The Tartars Besiege The Church Of Kiev

November 27, 2014

Church of the Dormition of the Virgin (also called Church of the Tithes) in ruins.  It was the first stone Church in Kiev. The church was ruined in 1240 during the siege of Kiev by Mongol armies of Batu Khan in 1240. Grand Prince Vladimir (Volodymyr) the Great, set aside a tithe of his income and property to finance the church's construction and maintenance, which gave the church its popular name. the church was rebuilt in the mid 19th century, but in 1928 it was once again destroyed by the Soviet regime.

Church of the Dormition of the Virgin (also called Church of the Tithes) in ruins. It was the first stone Church in Kiev. The church was ruined during the siege of Kiev by Tartar armies of Batu Khan in 1240. Grand Prince Vladimir (Volodymyr) the Great, set aside a tithe of his income and property to finance the church’s construction and maintenance, which gave the church its popular name. The church was rebuilt in the mid 19th century, but in 1928 it was once again destroyed by the Soviet regime.

St. Hyacinth had just completed a magnificent church at Kiev, in Poland, which he dedicated to the Most Holy Mother of God. One day as he had just finished the celebration of Holy Mass, it was announced to him that the Tartars, the most implacable enemies of the Christian name, had reached the walls of the town, and were endeavoring to force an entrance. The Saint was much surprised at this information, but he did not allow himself to be disturbed. He feared less the ruin of the city and the church than the outrages without number which these barbarians would inflict on the innocent people, and the sacrileges they would commit against holy things, especially the Most Holy Sacrament of the altar.

Full of confidence in God, he reverently opened the tabernacle, and, taking out the ciborium, he concealed it under his tunic near his heart; then, turning towards the religious who were standing around him trembling with fear, he said to them: “Follow me, my brethren, and be not afraid.”

St. HyacinthBut when he came near the door of the church he heard a loud voice which cried out: “Hyacinth, Hyacinth!” He stood and looked all around, but could see no one, so he turned to continue on his way. Immediately he heard the same voice again saying the same words. Once more he looked behind him, and, to his great astonishment and that of all those who accompanied him, he perceived that it proceeded from the statue of Our Lady, which was placed on an altar near the center of the church. It was made of alabaster, and exceedingly heavy.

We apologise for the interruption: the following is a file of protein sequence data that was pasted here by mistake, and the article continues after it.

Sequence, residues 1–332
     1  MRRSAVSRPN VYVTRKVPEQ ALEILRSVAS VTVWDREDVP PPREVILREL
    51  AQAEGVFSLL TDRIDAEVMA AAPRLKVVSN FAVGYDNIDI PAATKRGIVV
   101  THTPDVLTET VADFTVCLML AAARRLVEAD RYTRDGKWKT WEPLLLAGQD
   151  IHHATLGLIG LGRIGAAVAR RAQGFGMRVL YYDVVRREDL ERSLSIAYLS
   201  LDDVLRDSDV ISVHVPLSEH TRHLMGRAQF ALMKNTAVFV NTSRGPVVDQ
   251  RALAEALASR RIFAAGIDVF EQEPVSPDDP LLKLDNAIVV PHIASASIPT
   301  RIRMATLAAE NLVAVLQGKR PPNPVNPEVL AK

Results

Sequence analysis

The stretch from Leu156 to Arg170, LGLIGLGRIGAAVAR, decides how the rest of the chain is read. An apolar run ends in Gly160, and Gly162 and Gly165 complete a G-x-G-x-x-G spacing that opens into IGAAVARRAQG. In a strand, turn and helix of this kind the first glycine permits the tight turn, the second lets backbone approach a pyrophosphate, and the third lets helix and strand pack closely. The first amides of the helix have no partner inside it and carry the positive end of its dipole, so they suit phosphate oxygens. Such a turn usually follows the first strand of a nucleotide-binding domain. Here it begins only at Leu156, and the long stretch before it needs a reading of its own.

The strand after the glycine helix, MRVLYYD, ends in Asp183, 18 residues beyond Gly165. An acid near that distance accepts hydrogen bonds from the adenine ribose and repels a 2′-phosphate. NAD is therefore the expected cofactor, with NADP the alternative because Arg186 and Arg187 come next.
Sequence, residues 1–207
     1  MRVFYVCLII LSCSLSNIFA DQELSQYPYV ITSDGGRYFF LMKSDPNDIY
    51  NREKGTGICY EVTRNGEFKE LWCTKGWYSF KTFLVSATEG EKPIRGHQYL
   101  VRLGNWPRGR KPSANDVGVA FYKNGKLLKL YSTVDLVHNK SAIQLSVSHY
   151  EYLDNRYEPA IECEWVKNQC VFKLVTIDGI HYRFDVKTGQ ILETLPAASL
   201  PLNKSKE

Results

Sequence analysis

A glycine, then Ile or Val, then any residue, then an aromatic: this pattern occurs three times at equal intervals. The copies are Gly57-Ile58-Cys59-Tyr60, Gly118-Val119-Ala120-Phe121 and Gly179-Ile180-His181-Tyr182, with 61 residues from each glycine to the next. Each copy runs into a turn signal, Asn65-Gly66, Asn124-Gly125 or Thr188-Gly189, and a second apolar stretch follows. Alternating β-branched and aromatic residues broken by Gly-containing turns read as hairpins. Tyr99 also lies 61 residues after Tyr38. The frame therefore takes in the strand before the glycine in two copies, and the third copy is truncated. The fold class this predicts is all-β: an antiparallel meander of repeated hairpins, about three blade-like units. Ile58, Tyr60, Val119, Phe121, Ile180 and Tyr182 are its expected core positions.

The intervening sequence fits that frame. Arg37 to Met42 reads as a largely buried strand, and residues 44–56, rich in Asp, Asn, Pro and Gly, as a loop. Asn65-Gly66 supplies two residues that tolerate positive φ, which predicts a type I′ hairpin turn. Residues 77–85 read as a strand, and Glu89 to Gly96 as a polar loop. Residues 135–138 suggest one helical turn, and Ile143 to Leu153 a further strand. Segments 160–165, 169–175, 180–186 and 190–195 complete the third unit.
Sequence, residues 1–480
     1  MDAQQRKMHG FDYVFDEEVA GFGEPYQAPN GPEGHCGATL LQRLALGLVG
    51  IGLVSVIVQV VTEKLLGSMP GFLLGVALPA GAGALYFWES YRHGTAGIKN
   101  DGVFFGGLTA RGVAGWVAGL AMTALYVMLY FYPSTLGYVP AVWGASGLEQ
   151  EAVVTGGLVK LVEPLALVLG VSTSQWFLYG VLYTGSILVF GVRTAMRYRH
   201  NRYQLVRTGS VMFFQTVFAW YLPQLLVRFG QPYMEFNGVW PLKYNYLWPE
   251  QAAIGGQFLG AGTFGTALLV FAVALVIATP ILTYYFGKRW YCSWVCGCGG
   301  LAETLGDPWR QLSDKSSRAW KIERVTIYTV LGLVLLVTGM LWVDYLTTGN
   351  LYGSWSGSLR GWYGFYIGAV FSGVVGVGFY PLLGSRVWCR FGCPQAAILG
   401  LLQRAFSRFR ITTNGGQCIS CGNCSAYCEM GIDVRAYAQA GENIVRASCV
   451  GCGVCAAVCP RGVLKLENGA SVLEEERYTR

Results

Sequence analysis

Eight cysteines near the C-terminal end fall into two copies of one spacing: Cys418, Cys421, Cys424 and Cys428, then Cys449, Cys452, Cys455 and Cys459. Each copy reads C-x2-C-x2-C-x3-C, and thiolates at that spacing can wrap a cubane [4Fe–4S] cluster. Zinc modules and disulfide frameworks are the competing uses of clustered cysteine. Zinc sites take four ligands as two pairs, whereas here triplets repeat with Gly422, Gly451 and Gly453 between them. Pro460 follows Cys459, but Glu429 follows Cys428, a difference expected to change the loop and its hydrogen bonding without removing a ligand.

“My beloved Hyacinth,” the voice added,” is it thus you are about to deliver my Son from the hands of the barbarians, and to leave His Mother to their impious insults?”

As the Saint answered that it was impossible for him who was so weak to carry a burden which was so heavy, the voice replied: “If you had a little more faith and a little more love for me, it would be very easy for you to carry it.”

Tatars

Tatars

“I desire nothing so much as to possess that love and confidence replied St. Hyacinth. “See, I am ready to obey at once.”

Saying these words, he approached the altar of Our Lady, and with loving respect, stretching out his arms, he placed the statue upon them, and carried it as easily as if it had been a little flower.

It was thus that he left the village, the image of Our Lady in his arms and the holy ciborium on his breast, accompanied by his brethren. He passed unmolested through the ranks of the enemy, who, by the permission of God, stood at a distance, and whose eyes were struck with blindness for a time so that they could not see them.

St. HyacinthWhen they had passed out of the village, they directed their steps towards the city of Cracovia. Here another miracle occurred to console them on their journey. When they reached the banks of the river over which they had to pass, they could find no means of reaching the other side. But full of confidence in the power of the Most Holy Sacrament which he held in one hand, and in the protection of Mary, whose image he carried in the other, he made the sign of the Cross; then, placing his feet on the surface of the waters, he reached the opposite bank without even moistening the soles of his sandals.

The religious who were along with him, seeing repeated the miracle of St. Peter walking on the waters, followed him and also reached the other side of the river, the water not appearing even to touch them.

St. Hyacinth carrying the Blessed Sacrament and the statue of Our Lady across the waters.

St. Hyacinth carrying the Blessed Sacrament and the statue of Our Lady across the waters.

Another miracle still more marvelous is recorded in the process of the canonization of the Saint.

The river over which they thus miraculously passed for a considerable time afterwards continued to show the impression of the Saint’s footsteps.

When St. Hyacinth reached Cracovia, he placed the ciborium on the high altar of the church, and the statue of Our Lady on one of the side altars. Many other wonderful things are recorded to have taken place there through the intercession of Our Lady, which caused many of the people to embrace the true Faith and strengthened and vivified the life of faith in the souls of those who already possessed it.

The Catechism in Examples Vol. 5, Pg. 60-63 by Rev. D. Chisholm

Short Stories on Honor, Chivalry, and the World of Nobility—no. 441

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